When an executive at the Port Authority of New York and New Jersey angrily asserted the lane closures were a threat to public safety, and possibly illegal, the email ended up in the hands of a close Christie adviser that he had planned to promote.
When a reporter demanded answers about the huge traffic jams, a high-ranking port authority official appointed by Christie didn't refer it to his agency's media relations staff. He ordered it sent to the governor's press secretary.
And when the lanes were reopened at last, another authority staffer emailed the governor's now-fired deputy chief of staff to say Christie's hand-picked agency chairman was helping to “retaliate'' against the official who stopped the closures.
The revelations about how much Christie's close aides knew about the closures could undermine the governor's attempts to distance himself from the scandal that threatens to overshadow his inauguration later this month and upend his possible candidacy for president in 2016.
The bulk of the emails were released the day after Christie held a news conference to apologize for the incident and announce the firing of the deputy chief of staff who apparently orchestrated the lane closures, Bridget Anne Kelly. Christie said she was dismissed for lying to him.
The governor said it was not until Wednesday that he knew a staff member was responsible for the closings, which appear to have been political payback after a Democratic mayor refused to endorse Christie's re-election bid.
When Christie was first asked about the closings last year, he joked that he personally had moved the traffic cones. Asked again in mid-December, he gave assurances that no one on his staff or in his campaign had any involvement.
But the email and text-message traffic shows port authority officials were in communication with several of his close advisers in the immediate aftermath of the September closures.
The day Port Authority Executive Director Patrick Foye ordered the lanes reopened, he sent an email asserting the lane closings created a public safety hazard and may have violated federal and state laws. That email was forwarded to a senior Christie staffer, Regina Egea.
Egea is currently the head of Christie's authorities unit and one of his 10 senior staff members. Before the scandal broke, he had tapped her to be his next chief of staff.
In one text message exchange, a pair of now-resigned Christie loyalists in the port authority discuss how to handle a reporter's inquiry about the closures that backed traffic up from the bridge _ one of the nation's busiest, into Fort Lee.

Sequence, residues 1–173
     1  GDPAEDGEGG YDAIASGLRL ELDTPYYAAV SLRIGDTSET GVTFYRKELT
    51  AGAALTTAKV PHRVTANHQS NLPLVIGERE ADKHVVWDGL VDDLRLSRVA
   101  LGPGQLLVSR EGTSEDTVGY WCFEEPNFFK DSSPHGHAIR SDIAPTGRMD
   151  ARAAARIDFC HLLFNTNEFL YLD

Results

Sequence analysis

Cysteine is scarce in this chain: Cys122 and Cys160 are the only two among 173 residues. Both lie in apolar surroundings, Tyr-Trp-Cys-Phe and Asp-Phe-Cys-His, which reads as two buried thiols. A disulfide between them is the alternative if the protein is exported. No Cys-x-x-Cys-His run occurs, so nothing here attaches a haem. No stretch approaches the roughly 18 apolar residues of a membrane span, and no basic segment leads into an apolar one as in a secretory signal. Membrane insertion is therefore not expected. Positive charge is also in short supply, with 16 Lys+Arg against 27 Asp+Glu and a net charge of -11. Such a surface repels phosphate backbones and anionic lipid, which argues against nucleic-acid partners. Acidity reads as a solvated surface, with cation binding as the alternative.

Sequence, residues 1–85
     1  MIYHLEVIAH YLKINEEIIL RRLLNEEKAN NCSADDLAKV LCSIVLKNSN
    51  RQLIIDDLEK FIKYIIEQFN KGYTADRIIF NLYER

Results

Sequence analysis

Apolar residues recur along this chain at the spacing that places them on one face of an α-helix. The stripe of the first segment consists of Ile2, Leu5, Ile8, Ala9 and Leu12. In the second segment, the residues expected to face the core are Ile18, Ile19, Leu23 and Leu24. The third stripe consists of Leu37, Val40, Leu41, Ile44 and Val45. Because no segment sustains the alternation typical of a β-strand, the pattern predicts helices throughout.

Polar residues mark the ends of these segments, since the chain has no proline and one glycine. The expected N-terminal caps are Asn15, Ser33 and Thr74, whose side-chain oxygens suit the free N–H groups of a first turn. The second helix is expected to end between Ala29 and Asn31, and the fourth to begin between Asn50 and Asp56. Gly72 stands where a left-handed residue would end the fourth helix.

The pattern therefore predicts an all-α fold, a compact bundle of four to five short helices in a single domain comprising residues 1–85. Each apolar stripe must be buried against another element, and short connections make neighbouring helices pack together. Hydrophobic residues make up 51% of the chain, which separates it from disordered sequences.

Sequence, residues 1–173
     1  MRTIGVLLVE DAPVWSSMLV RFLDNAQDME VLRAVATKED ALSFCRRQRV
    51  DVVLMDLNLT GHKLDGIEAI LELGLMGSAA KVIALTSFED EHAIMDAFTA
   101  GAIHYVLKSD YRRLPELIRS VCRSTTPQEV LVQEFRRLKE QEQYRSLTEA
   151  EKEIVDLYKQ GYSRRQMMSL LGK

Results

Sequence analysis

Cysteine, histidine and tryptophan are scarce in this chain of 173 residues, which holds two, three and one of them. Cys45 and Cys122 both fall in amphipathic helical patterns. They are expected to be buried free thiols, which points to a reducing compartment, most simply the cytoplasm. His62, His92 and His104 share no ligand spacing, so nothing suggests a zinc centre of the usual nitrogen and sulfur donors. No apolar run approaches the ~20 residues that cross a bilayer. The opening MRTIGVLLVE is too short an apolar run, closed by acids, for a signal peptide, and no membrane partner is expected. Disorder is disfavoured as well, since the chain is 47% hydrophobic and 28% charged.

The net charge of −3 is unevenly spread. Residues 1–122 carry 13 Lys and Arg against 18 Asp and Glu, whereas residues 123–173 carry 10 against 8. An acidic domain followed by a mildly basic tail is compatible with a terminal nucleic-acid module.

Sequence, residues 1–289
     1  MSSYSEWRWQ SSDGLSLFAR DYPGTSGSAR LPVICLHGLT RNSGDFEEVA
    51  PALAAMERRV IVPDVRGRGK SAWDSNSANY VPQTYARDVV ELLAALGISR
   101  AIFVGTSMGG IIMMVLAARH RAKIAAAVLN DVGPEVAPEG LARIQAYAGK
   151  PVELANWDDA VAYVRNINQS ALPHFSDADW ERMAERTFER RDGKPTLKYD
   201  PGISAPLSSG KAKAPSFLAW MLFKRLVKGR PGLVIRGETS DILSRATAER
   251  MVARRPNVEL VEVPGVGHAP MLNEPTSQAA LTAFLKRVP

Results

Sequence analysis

The port authority's own six-person media relations staff isn't consulted, but Michael Drewniak, who has handled press for the New Jersey governor since he was a United States attorney, is.
"Jesus,'' Deputy Executive Director Bill Baroni says in a Sept. 17 text message to fellow Christie appointee David Wildstein about the media inquiry. "Call Drewniak.''
Drewniak, Christie's press secretary, did not immediately respond Saturday night to requests for comment on correspondence involving him or Egea.
Foye, who was appointed by New York Gov. Andrew Cuomo, was the subject of another missive from Wildstein, this time to Kelly.
"The New York side gave Fort Lee back all three lanes this morning,'' Wildstein wrote to Kelly on Sept. 13. Then he invoked the name of the Christie-picked chairman of the Port Authority, David Samson.
"We are appropriately going nuts. Samson helping us to retaliate,'' Wildstein wrote.
Christie has not been implicated, and there is no evidence that anyone currently on his payroll knew about the lane closure plan ahead of time.
Assemblyman John Wisnieski, who is leading the state legislative investigation, said Saturday that Christie could be impeached if he knew.
"Using the George Washington Bridge, a public resource, to exact a political vendetta, is a crime,'' Wisniewski, a Democrat, told NBC News. "Having people use their official position to have a political game is a crime. So if those tie back to the governor in any way, it clearly becomes an impeachable offense.''